HIGH POINT, N.C. -- John Shumaker joined the Navy after high school as a way to see the world and expand his horizons. He was an aviation mechanic for six years.
"I did a lot of growing," Shumaker said.
Now retired, Shumaker is a student at GTCC pursuing a degree in aeronautical science. But he says the transition back into civilian life hasn't been an easy one.
"It`s hard to communicate when you`re used to a structured life to someone who's unused to a structured life," said Shumaker. "And it can cause lots of emotional and mental blockades and sometimes it causes you to shutdown because you don't even know how to communicate so you choose not to."
And that's where Bob Uber and his non-profit organization Heal our Heroes comes in. It connects veterans with resources like counseling, and perhaps more importantly, it connects vets with other vets.
"We try to create outdoor activities and off-campus opportunities to engage with each other through horseback riding, fishing, and kayaking," Uber said. "And then around a meal, we talk about the issues they all face."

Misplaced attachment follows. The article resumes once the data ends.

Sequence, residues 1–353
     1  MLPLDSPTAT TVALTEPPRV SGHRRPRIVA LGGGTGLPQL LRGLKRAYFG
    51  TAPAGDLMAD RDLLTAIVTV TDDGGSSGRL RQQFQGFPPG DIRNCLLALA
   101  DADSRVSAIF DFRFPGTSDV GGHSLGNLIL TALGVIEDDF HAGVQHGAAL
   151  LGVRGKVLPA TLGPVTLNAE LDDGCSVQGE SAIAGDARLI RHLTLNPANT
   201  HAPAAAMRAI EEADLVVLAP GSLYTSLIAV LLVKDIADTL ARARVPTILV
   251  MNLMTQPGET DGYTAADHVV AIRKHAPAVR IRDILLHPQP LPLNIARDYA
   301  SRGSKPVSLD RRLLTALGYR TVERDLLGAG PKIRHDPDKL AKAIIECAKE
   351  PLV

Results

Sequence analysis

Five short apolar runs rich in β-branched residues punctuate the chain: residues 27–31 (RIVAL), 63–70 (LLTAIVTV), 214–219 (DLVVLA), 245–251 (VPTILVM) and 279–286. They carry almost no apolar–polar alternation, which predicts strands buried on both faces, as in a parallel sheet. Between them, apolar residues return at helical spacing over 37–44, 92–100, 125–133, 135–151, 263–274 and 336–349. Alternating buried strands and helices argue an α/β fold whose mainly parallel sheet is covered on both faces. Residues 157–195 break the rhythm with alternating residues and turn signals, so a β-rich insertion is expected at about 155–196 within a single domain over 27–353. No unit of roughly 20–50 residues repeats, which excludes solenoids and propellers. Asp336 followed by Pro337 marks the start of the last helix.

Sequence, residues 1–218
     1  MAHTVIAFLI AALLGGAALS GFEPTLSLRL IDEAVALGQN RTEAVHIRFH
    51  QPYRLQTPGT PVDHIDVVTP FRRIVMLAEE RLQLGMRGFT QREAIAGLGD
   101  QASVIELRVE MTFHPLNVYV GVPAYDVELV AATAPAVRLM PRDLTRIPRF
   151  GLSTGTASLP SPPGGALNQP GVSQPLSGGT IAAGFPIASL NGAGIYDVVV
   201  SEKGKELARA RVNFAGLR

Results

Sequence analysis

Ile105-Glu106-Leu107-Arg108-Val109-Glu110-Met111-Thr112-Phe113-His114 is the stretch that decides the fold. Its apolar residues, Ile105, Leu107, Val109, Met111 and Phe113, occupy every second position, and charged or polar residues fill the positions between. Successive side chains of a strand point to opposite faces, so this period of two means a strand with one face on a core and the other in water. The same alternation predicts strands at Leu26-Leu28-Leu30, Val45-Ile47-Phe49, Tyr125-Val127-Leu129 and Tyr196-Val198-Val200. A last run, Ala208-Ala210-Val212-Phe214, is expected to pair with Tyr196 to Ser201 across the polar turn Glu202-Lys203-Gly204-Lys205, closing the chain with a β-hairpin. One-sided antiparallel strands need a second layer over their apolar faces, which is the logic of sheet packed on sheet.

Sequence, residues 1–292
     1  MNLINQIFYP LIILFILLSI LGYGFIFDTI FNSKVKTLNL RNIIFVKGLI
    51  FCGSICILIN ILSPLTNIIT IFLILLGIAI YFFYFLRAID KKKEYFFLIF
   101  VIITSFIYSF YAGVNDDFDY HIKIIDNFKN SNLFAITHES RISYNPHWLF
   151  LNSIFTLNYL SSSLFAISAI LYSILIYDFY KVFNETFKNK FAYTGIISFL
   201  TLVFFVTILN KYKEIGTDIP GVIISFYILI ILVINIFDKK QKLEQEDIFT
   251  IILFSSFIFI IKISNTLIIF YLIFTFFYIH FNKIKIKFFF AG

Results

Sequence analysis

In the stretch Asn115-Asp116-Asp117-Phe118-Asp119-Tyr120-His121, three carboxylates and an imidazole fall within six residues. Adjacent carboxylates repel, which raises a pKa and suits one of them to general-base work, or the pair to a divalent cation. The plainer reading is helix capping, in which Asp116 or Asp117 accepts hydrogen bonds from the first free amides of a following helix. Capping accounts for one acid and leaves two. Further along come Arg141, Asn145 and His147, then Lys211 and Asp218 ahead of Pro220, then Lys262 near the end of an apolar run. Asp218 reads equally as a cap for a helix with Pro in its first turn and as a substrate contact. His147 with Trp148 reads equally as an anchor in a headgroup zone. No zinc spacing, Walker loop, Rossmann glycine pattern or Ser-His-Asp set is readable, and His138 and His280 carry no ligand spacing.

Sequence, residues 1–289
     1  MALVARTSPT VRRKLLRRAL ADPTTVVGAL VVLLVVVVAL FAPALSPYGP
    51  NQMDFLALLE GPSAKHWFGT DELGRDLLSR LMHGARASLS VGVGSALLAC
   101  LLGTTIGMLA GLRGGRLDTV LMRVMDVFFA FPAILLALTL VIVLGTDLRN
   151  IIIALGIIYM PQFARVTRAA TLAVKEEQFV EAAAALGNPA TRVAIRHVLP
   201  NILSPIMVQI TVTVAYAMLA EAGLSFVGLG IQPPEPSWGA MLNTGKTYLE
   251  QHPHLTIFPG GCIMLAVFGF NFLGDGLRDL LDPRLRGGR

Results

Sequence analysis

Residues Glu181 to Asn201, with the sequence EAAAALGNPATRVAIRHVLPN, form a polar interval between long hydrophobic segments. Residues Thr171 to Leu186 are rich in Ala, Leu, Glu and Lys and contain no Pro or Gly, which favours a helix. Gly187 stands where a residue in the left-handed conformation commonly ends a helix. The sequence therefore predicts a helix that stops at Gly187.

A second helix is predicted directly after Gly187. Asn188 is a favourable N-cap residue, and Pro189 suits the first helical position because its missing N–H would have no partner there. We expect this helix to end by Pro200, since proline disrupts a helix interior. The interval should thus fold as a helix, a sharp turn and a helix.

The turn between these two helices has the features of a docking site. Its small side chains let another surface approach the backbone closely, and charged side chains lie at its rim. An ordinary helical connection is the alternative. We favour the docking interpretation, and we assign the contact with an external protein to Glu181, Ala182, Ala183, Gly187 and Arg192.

According to Uber, the organization has had great success in its three years of existence. And now, thanks to a grant from the High Point Community Foundation, Heal our Heroes is partnering with GTCC to help the more than 500 student veterans enrolled at the college.
"We realize if we can deal with veteran-unique issues, we think they'll become better students," Uber said. "It will help them concentrate better and it will help them with other relationships as they`re able to better deal with the impact of the war within."
Mark Harris, a retired Marine and current Dean of GTCC's High Point Campus, knows the struggle well.
"We've got vets in a lot of different situations trying to improve themselves and move on and this program Heal our Heroes, is about doing that," Harris said.
Learn more about Heal Our Heroes here.